US Army again says “no” to Europeans for ARH

European-made helicopters are unlikely to be eligible for a possible recompetition of the US Army armed reconnaissance helicopter (ARH) contract.

Before Bell beat Boeing three years ago to win the original contract, AgustaWestland hoped to propose either the A109, A119, A129 or AW139 and Eurocopter wanted to offer AS550 or EC635.

Both European bidders were disqualified early in the original competition. Neither AgustaWestland nor Eurocopter could meet one of the army’s key performance parameters: the ability to offload and fly two helicopters from a Lockheed Martin C-130 within 15 minutes.

Army aviation acquisition chief Paul Bogosian, speaking to me on the sidelines of the Association of the US Army (AUSA) convention earlier this week, affirmed that requirement remains a deal-breaker for the army if the contract is re-competed.


Subscribe to our e-mail newsletter to receive updates.

, , , , , , , , ,

4 Responses to US Army again says “no” to Europeans for ARH

  1. Royce 10 October, 2008 at 1:49 pm #

    In a completely unrelated development, Boeing announced on Oct. 7 a “new” AH-6 scout helicopter program.

    Don’t we all know whether this is heading? I’m just surprised someone is finally going to manage to kill a troubled Bell program.

  2. Stephen Trimble 10 October, 2008 at 3:17 pm #

    I think we’re still a ways from knowing if that’s really going to happen.

    I remember covering the original competition. It was a shock when the Bell 407 won. The AH-6 was considered the favorite by a mile.

    The army guys thought they were making the prudent choice with the 407. They wanted something that could be easily mass-produced. They obviously didn’t give enough thought to the complexity of converting a military aircraft to a commercial role.

    The biggest knock on the AH-6 was producibility, and probably still is. Remember that MDHI is Boeing’s key supplier on the program, and they’ve had a pretty rough decade. Lynne Tilton, who bought the company a few years, appears to have gotten the supply chain in order, but that’s still got to be the biggest risk area when you think about the Boeing proposal.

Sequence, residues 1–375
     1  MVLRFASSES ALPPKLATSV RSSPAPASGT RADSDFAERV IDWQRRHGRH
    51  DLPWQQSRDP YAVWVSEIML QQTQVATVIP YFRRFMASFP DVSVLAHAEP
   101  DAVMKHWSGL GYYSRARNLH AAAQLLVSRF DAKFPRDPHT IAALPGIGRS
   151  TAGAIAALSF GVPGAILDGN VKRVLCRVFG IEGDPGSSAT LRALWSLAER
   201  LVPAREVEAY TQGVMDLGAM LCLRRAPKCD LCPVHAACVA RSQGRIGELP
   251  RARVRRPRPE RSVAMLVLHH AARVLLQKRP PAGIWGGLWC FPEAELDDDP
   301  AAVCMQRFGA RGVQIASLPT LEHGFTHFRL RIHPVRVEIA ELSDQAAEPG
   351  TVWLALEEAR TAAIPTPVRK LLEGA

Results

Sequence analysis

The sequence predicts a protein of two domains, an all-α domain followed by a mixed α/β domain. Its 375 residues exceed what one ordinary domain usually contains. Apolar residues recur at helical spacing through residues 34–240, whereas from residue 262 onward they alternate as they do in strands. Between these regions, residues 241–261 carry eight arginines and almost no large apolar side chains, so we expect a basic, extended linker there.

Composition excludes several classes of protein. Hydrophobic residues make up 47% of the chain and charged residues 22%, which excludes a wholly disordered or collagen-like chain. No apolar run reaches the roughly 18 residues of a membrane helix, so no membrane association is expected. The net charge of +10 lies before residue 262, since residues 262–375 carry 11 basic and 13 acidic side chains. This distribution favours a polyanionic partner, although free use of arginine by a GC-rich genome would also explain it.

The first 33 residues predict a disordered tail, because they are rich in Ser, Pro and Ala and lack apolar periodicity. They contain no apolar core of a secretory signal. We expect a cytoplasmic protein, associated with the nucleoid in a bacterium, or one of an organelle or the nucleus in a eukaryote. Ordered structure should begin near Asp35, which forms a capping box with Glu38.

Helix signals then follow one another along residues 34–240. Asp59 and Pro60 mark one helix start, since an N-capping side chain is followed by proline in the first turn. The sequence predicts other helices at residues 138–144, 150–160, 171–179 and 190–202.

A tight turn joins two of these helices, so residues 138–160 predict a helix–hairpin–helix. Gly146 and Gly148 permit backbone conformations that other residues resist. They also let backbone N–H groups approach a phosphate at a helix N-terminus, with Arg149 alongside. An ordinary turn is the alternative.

I’d personally like to see the European platforms back in the competition. Both AgustaWestland and Eurocopter would Boeing a run for the money. Kicking them out because of the deployability requirement seems excessive to me.

  3. Royce 10 October, 2008 at 3:41 pm #

    When the government is going to buy 300+ helicopters, the supply chain issues can always be fixed. MDHI is on solid footing now, and with a recession here or near, the army is not going to want to get into a political battle over the Pentagon handing another major contract to the Europeans. They already went with Eurocopter on two major helicopter contracts. Taking a third away from Bell and handing it to the Europeans is too much, too soon.

    Besides, the requirements are there and there’s no evidence that the army put them there in bad faith. Congress will not look happily on the army relaxing requirements that are being met by a domestic manufacturer.

  4. Stephen Trimble 10 October, 2008 at 9:03 pm #

    True. But some in Congress (paging Senator McCain) like a good competition! But I definitely take your point. I actually wonder if this is more than just ARH and a sign that all European bids post-tanker are headed for the dumpster.

Leave a Reply